To be sure, Crossby's arguments are not new. However, he does a great job at synthesizing an incredible wealth of historical data. His style, oftentimes humorous, also makes of his book an enjoyable read. I would recommend this book to anyone teaching a comprehensive course on the conquest of the places Crossby deals with. It is a much neglected fact that biology played a crucial role in expanding European culture.
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Alfred Crosby is widely credited for popularising the ecological dimension of the history of imperial expansion. For this reason, and perhaps this reason alone, his book is worth a read.

The book, first published in 1986, revolutionised the way we think about European imperial expansion into the New World. How a few hundred disoriented Europeans armed with spears and misfiring guns managed to overwhelm entire Inca and Aztec civilisations in the early sixteenth century, for example. Crosby convincingly casts aside traditional political or military explanations by attributing the astonishing Portuguese and Spanish victories to bacteriology: how diseases such as smallpox and measles that the Europeans unwittingly carried with them wiped out thousands of New World inhabitants, severely crippling their defences.

The larger point that Crosby drives across is a profound one. Historical events - in this case, European expansion and imperialism - can be explained predominantly by ecological factors. In the clash of `biotas' between the Old and the New World, the Old World won. Convincingly. Hence the presence not just of Europeans in the Americas, but also of pigs and dandelions. According to this thesis, ecology shaped European expansion; creating `Neo-Europes' in the New World that facilitated European migration, precipitating the `Caucasian wave' from the 1820s to the 1930s. Unlike in most other histories, in Crosby's ecological history, humans form the backdrop and inexorable ecological forces take centre-stage.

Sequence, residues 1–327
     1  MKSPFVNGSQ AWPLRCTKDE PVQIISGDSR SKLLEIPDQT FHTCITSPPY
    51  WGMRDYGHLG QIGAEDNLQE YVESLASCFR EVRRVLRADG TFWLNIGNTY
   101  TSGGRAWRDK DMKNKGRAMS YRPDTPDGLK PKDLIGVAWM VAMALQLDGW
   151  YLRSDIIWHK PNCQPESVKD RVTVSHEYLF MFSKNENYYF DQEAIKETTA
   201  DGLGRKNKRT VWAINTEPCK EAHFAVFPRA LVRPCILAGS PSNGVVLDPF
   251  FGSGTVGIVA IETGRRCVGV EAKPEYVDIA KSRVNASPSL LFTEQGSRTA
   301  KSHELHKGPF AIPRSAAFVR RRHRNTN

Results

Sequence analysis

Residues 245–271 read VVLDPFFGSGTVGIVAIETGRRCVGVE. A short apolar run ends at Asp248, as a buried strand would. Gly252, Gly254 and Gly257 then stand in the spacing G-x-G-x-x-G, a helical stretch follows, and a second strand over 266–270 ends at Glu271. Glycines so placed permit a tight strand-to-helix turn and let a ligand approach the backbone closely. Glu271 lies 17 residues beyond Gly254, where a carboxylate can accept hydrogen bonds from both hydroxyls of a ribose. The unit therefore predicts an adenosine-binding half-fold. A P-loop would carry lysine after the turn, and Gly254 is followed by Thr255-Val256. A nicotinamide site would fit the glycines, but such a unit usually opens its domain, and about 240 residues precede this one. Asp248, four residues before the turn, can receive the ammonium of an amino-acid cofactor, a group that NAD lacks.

Refreshing as this perspective is, the way that Crosby has rendered it is problematic in on a number of accounts.
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'Ecological imperialism: The biological expansion of Europe, 900-1900', by A. W. Crosby, is a cogently argued and well written book. The main thesis of the book is that the expansion by Europeans to the Americas, Australia, New Zealand, and a few other enclaves (what Crosby calls the Neo-Europes) wouldn't have succeded if the biota the Europeans brought with them had not suceeded. This biota included not only humans, of course, but pathogens, weeds and grasses, and horses, cattle, goats, and pigs, among the most important. Crosby addresses the reasons why this biota was so succesful in the new territories, and concludes that, in general, the climatic regimes there were sufficiently similar to those of its European origins and the indigenous biota was so 'naive' that 'victory' was almost assured to the invaders. To be sure, this is not an original conclusion, but the wealth of data Crosby uses, along with his synthetic power and sense of humor, makes of this book an enjoyable and thought-provoking read. People interested in searching for the biological causes of the successes (and failures!) of Europeans in the world should read this engaging book.